Latvian accordionist Ksenija Sidorova releases third album

Latvian accordionist Ksenija Sidorova has released her third album (and her major label debut on Deutsche Grammophon) entitled Carmen – a reimagining of the songs from Georges Bizet’s opera Carmen as performed by accordion.

Sidarova is joined by the ensemble Nuevo Mundo, Itamar Doari on percussion, Reentko Dirks on guitar, Michael Abramovich on piano, as well as the Borusan Istanbul Philharmonic Orchestra, conducted by Sascha Goetzel.

As Sidorova notes, “…on this album my collaborators and I have brought our own Carmen fantasies to life, expressing our multicultural creative impulses in each number and refreshing Bizet’s original fusion with an exciting blend of Latino, oriental, European and North American spices.”

Ksenija will be performing throughout the summer, including stops at the Dzintari Concert Hall in Jūrmala, Latvia, the Mosel Music Festival in Mosel, Germany, the Verbier Festival in Verbier, Switzerland, and the Ravinia Festival in Highland Park, Illinois, in the United States.

For further information, please visit Ksenija Sidorova’s website at http://www.ksenijasidorova.com/

 

Track listing:

  1. Carmen’s Walk
  2. Seguidillas
  3. La Siesta
  4. Chanson bohème
  5. Love Song
  6. Soir mélancolique
  7. Sunrise Over Seville
  8. In the Cards
  9. La Fiesta
  10. The Other Woman
  11. Spanish Pride
  12. À la bohèmienne
  13. Date With Destiny
  14. Reflections
  15. Daybreak
  16. Toreador (Los Toreros)
  17. Carmen’s Shadow

Egils Kaljo is an American-born Latvian from the New York area who lives in Rīga, Latvia. When not working in the information technology field, he sings in the Latvian Academy of Culture mixed choir Sõla, does occasional translation work, and has been known to sing and play guitar at the Folkklubs Ala Pagrabs in Old Rīga. Kaljo began listening to Latvian music as soon as he was able to put a record on a record player, and still has old Bellacord 78 rpm records lying around somewhere.

Another CD of Shostakovich’s symphonies released, conducted by Andris Nelsons

Following up on Latvian conductor Andris Nelsons’ Grammy Award winning first album of Dmitri Shostakovich’s symphonic music performed by the Boston Symphony Orchestra – Shostakovich: Under Stalin’s Shadow – Symphony No. 10, the next volume in the series has been released – this time featuring Shostakovich’s symphonies 5, 8 and 9 (Deutsche Grammophon DG 479 5201).

The two CD set also includes the suite from the Incidental Music to “Hamlet”. All the works were recorded live at Symphony Hall in Boston.

The next release in the series is planned for 2017 and will contain Shostakovich’s symphonies 6 and 7. The goal is to record a complete cycle of Shostakovich 15 symphonies as well as the opera Lady Macbeth of Mtsensk. According to Andris Nelsons’ website, he has signed an exclusive recording deal with Deutsche Grammophon, and his many forthcoming recording projects include a full Beethoven symphonic cycle, as well as Bruckner’s symphonies.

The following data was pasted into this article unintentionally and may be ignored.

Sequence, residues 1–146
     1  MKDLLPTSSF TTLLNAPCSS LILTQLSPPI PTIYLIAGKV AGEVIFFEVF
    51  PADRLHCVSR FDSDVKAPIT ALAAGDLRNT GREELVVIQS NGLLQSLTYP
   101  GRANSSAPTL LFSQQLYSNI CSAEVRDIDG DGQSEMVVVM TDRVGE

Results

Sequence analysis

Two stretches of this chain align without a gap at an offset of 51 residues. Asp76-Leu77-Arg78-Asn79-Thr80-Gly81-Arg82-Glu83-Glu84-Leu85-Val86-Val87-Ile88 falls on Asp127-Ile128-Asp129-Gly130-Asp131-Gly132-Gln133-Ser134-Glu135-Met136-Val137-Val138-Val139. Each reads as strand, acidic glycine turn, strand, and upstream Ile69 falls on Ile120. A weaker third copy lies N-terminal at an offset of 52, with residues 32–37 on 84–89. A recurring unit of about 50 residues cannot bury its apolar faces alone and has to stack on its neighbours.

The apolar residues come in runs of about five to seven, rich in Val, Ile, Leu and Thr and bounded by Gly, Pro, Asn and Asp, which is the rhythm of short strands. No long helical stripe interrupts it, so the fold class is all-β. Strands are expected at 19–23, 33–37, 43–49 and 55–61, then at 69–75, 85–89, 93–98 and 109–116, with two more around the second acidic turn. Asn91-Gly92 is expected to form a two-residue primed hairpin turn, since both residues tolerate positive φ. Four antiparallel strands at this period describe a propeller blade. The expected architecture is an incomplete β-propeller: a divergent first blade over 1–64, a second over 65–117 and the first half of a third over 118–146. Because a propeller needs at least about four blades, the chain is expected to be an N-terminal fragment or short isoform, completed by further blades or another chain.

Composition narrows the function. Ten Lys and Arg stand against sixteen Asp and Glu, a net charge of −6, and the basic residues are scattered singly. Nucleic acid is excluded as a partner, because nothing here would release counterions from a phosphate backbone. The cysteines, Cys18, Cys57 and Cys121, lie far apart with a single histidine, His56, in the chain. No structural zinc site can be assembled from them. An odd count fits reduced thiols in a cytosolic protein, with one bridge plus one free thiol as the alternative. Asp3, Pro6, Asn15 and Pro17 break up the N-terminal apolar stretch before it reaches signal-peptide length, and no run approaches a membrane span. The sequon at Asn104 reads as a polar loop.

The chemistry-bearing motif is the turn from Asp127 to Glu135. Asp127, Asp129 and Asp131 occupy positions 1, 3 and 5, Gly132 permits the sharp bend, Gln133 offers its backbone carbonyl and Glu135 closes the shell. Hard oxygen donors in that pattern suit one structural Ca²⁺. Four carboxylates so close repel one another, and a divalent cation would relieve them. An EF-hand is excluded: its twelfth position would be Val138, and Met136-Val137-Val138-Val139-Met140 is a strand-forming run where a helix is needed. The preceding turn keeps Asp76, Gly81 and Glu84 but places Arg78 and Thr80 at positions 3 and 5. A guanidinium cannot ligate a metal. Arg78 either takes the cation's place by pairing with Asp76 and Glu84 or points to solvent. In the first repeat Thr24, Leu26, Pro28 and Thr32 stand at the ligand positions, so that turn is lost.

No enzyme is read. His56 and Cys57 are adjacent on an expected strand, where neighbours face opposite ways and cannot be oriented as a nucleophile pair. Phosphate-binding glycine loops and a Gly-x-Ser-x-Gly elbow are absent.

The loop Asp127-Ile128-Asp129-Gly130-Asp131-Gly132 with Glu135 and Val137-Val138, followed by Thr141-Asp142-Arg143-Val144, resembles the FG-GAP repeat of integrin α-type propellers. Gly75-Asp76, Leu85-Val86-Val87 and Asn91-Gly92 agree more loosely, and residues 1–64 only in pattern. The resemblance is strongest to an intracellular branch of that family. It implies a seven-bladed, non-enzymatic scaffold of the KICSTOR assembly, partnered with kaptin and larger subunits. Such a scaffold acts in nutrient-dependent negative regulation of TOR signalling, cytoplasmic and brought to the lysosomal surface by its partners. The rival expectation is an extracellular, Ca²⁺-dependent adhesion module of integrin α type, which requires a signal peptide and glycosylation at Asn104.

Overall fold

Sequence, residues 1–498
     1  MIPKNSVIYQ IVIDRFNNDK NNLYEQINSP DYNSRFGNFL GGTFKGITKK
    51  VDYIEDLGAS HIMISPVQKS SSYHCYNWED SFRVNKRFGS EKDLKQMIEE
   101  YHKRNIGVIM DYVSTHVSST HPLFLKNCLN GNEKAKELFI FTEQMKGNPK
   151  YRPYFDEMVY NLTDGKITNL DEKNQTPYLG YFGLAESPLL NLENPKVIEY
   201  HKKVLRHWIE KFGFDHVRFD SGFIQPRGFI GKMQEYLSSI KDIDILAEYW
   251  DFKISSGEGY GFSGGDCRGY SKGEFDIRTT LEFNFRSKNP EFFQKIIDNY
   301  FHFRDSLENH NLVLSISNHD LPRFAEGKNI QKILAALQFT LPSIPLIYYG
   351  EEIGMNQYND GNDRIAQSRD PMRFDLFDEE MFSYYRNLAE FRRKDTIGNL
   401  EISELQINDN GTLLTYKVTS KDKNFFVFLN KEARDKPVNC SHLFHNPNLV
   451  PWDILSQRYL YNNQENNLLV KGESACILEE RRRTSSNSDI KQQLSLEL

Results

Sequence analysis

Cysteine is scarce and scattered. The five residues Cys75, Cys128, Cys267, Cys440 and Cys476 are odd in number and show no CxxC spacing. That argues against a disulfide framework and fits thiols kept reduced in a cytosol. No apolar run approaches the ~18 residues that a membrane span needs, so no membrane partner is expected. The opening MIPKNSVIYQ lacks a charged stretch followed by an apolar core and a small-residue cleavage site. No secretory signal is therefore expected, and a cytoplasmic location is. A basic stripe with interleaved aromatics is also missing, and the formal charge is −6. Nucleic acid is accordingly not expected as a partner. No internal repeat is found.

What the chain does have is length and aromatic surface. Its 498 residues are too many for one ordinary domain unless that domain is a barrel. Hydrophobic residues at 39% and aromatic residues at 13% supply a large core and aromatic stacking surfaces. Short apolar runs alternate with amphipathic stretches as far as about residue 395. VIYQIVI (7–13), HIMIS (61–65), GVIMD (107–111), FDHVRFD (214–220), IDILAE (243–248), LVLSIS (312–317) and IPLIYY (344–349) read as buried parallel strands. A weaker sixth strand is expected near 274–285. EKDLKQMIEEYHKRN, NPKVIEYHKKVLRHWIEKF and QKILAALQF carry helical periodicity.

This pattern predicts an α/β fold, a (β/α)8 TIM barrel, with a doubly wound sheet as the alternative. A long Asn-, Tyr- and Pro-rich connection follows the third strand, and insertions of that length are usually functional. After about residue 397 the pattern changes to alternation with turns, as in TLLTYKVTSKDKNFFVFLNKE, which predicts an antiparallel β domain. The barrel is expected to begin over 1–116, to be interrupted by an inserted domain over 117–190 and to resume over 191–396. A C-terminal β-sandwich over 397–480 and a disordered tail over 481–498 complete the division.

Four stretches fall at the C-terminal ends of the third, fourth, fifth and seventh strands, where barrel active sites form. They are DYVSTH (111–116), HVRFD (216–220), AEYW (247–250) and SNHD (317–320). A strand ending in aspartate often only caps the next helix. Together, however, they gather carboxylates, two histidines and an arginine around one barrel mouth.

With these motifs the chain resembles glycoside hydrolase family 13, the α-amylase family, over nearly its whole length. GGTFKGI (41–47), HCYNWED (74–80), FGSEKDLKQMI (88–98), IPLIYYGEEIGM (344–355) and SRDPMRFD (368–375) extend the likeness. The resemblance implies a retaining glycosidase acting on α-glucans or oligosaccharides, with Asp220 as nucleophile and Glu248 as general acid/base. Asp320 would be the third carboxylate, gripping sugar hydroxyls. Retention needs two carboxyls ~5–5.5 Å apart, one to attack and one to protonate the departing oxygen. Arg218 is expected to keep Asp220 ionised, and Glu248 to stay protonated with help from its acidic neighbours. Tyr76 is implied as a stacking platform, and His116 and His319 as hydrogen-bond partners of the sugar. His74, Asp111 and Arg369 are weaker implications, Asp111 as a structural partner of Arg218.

Nelsons would not be the first Latvian conductor to accomplish this feat – Mariss Jansons also recorded all of Shostakovich’s symphonies (though with different orchestras), and also won a Grammy Award for his performance of Shostakovich’s Symphony No. 13 with the Bavarian Radio Orchestra in 2006.

For further information, please visit Andris Nelsons’ website.

Egils Kaljo is an American-born Latvian from the New York area who lives in Rīga, Latvia. When not working in the information technology field, he sings in the Latvian Academy of Culture mixed choir Sõla, does occasional translation work, and has been known to sing and play guitar at the Folkklubs Ala Pagrabs in Old Rīga. Kaljo began listening to Latvian music as soon as he was able to put a record on a record player, and still has old Bellacord 78 rpm records lying around somewhere.

Chamber orchestra Sinfonietta Rīga releases Vivaldi CD

Italian composer Antonio Vivaldi’s Le Quattro Stagioni (or The Four Seasons) is one of the most famous and popular works of the Baroque era, if not of all classical music. The four concertos, each signifying a season of the year, have now been recorded by the chamber orchestra Sinfonietta Rīga and have been released on the album Gadalaiki (Latvijas Koncerti, LK 026, 2016).

In addition to the Seasons concertos, the album also includes three of Vivaldi’s sonatas for violin, cello and harpsichord – the Sonatas in A major (RV 31), C major (RV 1) and C minor (RV 6). The works are performed by Vineta Sareika (violin), Guna Šnē (cello) and Estonian Reinuts Teps (harpsichord).

The CD booklet includes notes on Vivaldi – not just biographical information about the Venetian, but also information about his music’s place in history and how his music had been largely forgotten for years and was rediscovered by scholars in the 20th century. The notes also include commentaries on the works themselves, and also include Vivaldi’s original poetic notes on each of the movements.

Sinfonietta Rīga, led by conductor and artistic director Normunds Šnē, will be participating in many festivals in the summer of 2016, including the Pärnu Music Festival, the Cēsis Art Festival, and the Salacgrīva International Classical Music Festival.

For further information, please visit the Sinfonietta Rīga website and the Latvian Concert Agency website.

Egils Kaljo is an American-born Latvian from the New York area who lives in Rīga, Latvia. When not working in the information technology field, he sings in the Latvian Academy of Culture mixed choir Sõla, does occasional translation work, and has been known to sing and play guitar at the Folkklubs Ala Pagrabs in Old Rīga. Kaljo began listening to Latvian music as soon as he was able to put a record on a record player, and still has old Bellacord 78 rpm records lying around somewhere.